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My husband wants a divorce - what are my rights?

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While things are gradually becoming more equal, the reality is that women in heterosexual marriages are often at greater risk of financial hardship if their marriages end in divorce. Understanding your rights can give you a better chance of securing a fair financial settlement during divorce, as well as making sure your other rights are respected.

In this blog, we cover divorce rights for women regarding finances, the family home and children. We also explain how divorce law has changed spouses’ rights during a divorce following the introduction of the Divorce, Dissolution and Separation Act 2020.

It should be noted that this blog is not intended as legal advice and is for educational purposes only. Should you wish to discuss your specific situation, our divorce and separation solicitors will be happy to answer any queries you may have.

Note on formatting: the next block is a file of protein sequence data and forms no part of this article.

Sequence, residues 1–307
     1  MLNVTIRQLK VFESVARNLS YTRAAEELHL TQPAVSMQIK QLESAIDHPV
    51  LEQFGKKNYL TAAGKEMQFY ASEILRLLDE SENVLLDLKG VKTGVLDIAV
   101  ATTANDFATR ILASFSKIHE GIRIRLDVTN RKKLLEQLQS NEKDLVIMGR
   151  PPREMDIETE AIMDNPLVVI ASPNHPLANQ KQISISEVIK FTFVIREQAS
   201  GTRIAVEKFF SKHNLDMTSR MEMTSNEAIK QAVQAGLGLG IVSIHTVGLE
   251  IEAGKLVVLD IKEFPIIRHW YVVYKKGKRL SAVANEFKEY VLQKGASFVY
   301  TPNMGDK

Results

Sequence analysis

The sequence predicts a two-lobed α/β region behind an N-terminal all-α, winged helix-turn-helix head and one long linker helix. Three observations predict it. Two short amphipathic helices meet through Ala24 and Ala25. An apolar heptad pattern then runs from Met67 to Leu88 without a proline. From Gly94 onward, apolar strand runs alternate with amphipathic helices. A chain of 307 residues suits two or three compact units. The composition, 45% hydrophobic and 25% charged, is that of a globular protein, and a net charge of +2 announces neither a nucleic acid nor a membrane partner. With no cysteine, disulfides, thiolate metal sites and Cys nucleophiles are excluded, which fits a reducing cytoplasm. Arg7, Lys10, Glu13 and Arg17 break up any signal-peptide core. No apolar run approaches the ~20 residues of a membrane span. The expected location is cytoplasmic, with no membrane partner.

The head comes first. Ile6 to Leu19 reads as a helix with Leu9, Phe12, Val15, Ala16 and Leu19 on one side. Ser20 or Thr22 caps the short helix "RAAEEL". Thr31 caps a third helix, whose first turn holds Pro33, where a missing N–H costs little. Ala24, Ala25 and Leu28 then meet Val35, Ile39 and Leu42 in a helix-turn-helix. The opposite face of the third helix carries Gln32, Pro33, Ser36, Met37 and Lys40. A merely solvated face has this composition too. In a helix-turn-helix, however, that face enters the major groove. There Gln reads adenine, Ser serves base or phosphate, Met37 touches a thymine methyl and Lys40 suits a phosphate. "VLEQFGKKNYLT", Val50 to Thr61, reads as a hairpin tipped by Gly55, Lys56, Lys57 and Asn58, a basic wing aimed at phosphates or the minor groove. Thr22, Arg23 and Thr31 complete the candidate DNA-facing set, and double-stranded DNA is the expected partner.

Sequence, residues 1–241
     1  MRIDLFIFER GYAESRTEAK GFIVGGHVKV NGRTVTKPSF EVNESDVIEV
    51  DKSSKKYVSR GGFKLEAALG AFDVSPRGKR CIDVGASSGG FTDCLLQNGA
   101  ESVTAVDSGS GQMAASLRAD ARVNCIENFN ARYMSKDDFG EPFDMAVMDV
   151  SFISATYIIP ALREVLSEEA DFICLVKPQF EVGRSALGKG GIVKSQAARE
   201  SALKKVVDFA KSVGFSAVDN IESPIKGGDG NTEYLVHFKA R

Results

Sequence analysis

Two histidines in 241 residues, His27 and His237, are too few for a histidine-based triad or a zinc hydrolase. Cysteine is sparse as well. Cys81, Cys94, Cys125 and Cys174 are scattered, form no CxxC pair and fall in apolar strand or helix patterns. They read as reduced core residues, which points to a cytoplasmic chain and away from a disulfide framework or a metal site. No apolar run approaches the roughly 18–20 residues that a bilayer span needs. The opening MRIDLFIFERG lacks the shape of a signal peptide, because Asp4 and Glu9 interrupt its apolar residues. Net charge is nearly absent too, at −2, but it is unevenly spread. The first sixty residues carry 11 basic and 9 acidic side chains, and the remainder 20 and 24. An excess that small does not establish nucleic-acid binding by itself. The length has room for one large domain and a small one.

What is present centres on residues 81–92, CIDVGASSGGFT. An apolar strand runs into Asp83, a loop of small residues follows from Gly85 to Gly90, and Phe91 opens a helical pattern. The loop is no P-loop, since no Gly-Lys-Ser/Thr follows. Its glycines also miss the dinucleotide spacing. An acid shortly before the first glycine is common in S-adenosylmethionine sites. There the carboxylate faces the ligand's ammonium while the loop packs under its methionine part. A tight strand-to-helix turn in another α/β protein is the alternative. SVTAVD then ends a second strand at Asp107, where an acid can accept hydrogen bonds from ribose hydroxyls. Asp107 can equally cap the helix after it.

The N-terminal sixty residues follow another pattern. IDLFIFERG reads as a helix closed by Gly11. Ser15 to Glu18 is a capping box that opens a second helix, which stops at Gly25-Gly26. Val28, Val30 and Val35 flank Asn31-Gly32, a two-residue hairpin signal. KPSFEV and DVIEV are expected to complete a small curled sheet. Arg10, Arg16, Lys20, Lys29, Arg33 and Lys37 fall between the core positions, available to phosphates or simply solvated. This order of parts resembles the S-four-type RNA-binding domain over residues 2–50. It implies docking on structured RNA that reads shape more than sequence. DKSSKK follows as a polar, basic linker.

For expert support with getting divorced, please call one of our offices in Banbury, Bicester and Rugby or simply fill out our enquiry form and we’ll get back to you as soon as possible.

Do you have the right to object if your husband wants a divorce?

Unfortunately, the decision to divorce is not always mutual. If your husband wants a divorce and you do not agree, then legally there is unlikely to be much you can do to prevent them moving ahead with the divorce. This is due to changes to divorce law that came into effect in April 2022 under the terms of the Divorce, Dissolution and Separation Act 2020.

Under the previous divorce rules, if your spouse wished to divorce you, they would need to give a generally accepted reason for doing so, such as adultery or unreasonable behaviour. You could object to the reason given and, potentially, delay the divorce for several years if successful.